Upcoming Utah Film Center screenings highlight issues of white nationalism, traumatic impacts of child abuse

Continuing a month of free, public screenings dealing with big issues, two documentary films along with talkback sessions – one on white nationalism and the other about the traumatic impacts of child abuse – will be presented by the Utah Film Center. They are the award-winning White Right: Meeting the Enemy (2017), directed by Deeyah Khan (Oct. 22, 7 p.m., City Library auditorium) and Cracked Up (2019), directed by Michelle Esrick (Oct. 30, 7 p.m., Rose Wagner Performing Arts Center).

The Utah Review has screened both films and details about each program are included below:

Darrell Hammond


Some 20 months after White Right premiered, Jeff Schoep of Detroit, one of the white neo-Nazi activists interviewed in the film, renounced his cause and now speaks publicly against white nationalist extremists. His Twitter account biography reads: “*Former NSM National Ldr* Peace Advocate * Former Nazi speaking out against extremism *Motivational Speaker* Civil/Human Rights Advocate* Consultant *RT≠E *”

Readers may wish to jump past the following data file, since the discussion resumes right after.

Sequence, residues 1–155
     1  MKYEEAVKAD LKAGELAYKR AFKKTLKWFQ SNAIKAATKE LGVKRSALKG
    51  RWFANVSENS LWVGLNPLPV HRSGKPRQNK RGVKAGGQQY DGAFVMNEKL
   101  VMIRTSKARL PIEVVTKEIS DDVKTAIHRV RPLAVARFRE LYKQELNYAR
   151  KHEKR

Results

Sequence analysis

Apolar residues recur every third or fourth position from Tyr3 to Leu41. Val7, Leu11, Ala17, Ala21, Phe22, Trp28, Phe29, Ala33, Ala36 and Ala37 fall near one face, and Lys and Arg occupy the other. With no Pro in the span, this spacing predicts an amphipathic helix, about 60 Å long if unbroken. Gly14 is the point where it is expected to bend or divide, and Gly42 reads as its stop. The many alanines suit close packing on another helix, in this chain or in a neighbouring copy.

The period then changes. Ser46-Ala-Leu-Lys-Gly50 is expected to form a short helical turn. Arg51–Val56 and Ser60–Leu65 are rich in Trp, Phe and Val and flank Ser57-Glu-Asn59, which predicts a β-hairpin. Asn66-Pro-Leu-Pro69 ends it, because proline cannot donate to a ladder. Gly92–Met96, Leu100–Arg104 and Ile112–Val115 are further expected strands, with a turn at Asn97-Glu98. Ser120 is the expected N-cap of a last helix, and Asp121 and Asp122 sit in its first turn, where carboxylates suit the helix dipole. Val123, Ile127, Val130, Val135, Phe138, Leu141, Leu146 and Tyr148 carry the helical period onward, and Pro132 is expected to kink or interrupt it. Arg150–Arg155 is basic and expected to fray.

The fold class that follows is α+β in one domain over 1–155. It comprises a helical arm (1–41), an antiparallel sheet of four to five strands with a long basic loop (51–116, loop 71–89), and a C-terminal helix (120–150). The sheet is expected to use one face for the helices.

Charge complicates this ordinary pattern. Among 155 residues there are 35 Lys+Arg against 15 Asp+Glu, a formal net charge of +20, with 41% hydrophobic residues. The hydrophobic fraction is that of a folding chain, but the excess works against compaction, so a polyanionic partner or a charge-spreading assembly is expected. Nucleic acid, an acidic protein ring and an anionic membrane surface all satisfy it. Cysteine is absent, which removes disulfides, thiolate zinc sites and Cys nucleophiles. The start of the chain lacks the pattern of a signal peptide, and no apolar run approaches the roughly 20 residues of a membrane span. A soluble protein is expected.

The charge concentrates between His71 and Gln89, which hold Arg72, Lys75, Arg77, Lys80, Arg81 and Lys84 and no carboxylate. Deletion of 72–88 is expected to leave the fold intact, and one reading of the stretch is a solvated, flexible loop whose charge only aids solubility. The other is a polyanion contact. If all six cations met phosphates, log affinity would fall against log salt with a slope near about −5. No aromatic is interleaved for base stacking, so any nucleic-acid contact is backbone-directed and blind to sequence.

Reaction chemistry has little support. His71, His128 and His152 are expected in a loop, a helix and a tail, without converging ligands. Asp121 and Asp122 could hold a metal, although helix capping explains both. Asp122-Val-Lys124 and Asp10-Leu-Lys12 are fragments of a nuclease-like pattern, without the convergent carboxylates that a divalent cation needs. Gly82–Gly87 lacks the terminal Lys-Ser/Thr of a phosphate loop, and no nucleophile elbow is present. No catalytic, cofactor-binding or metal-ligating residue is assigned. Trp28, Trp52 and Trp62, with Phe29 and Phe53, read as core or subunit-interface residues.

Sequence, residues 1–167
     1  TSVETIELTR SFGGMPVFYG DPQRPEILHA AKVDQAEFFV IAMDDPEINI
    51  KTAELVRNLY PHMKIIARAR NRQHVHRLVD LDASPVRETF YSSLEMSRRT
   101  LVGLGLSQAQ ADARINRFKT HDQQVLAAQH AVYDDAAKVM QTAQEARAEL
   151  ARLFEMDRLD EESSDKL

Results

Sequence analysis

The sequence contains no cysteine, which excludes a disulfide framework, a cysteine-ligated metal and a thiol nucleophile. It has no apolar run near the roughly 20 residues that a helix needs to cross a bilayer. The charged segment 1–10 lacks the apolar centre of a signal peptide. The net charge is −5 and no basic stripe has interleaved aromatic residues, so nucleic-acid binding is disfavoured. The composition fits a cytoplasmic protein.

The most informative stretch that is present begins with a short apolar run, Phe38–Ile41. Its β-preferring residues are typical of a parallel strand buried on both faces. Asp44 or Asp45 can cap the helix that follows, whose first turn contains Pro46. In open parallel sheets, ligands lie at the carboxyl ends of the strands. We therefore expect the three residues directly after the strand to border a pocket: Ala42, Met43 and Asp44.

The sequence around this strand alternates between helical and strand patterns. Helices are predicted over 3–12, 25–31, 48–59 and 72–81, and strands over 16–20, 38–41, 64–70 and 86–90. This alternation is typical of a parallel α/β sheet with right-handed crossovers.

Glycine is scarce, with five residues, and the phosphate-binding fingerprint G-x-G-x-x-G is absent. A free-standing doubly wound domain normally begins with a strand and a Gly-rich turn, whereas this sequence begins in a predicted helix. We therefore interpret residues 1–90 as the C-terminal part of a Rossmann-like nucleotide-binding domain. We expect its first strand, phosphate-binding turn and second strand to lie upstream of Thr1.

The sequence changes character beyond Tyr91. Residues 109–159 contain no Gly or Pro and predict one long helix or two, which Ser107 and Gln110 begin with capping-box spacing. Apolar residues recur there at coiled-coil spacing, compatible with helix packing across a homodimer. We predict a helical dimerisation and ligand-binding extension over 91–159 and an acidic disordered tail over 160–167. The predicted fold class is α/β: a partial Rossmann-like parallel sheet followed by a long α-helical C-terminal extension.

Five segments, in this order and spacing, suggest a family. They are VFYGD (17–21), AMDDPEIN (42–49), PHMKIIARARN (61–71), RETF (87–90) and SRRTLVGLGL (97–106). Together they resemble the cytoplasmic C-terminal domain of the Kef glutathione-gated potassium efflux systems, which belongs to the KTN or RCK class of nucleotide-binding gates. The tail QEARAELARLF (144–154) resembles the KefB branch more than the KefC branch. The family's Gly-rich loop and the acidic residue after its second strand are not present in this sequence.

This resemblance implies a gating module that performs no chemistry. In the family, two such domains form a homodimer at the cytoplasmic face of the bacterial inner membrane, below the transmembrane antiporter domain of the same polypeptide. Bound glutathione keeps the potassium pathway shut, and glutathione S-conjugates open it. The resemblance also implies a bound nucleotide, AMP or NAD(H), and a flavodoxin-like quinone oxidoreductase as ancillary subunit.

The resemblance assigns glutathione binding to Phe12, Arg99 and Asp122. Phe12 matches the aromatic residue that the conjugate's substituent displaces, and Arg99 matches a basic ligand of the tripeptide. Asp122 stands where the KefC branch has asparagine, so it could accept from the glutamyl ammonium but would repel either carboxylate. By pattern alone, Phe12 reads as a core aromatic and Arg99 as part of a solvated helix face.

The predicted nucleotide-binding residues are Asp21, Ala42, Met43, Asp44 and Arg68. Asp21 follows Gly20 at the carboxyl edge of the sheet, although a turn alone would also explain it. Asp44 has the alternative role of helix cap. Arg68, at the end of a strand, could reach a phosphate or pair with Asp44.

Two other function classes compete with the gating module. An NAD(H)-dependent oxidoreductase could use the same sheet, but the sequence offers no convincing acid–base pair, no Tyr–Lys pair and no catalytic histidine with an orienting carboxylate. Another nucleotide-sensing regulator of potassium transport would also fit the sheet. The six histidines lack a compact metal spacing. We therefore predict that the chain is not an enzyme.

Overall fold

Khan, a Muslim who grew up in Norway in a family that includes her Afghani mother and Pakistani father, decided to meet the activists and ask them about their underlying thinking and philosophy. The 55-minute documentary, which premiered on the ITV network in December 2017, is a thoroughly unfiltered examination of neo-Nazism. From the first moments of her fourth film, Khan, a pop singer-turned-documentarian, strips away all comfort buffers. She calmly interrogates her subjects about their motivations but does not censor the rhetoric.

There are many surprising and shocking moments. As one who has experienced vicious taunts of racism, Khan makes clear that she is not there to sympathize with their sentiments but she also does not believe reciprocating their hatred or being afraid resolves anything. In a previously released documentary, Jihad: A Story of the Others, she interviewed British recruits who described their becoming jihadists as a transcendent emotional decision to fight for the cause of Islamic extremists.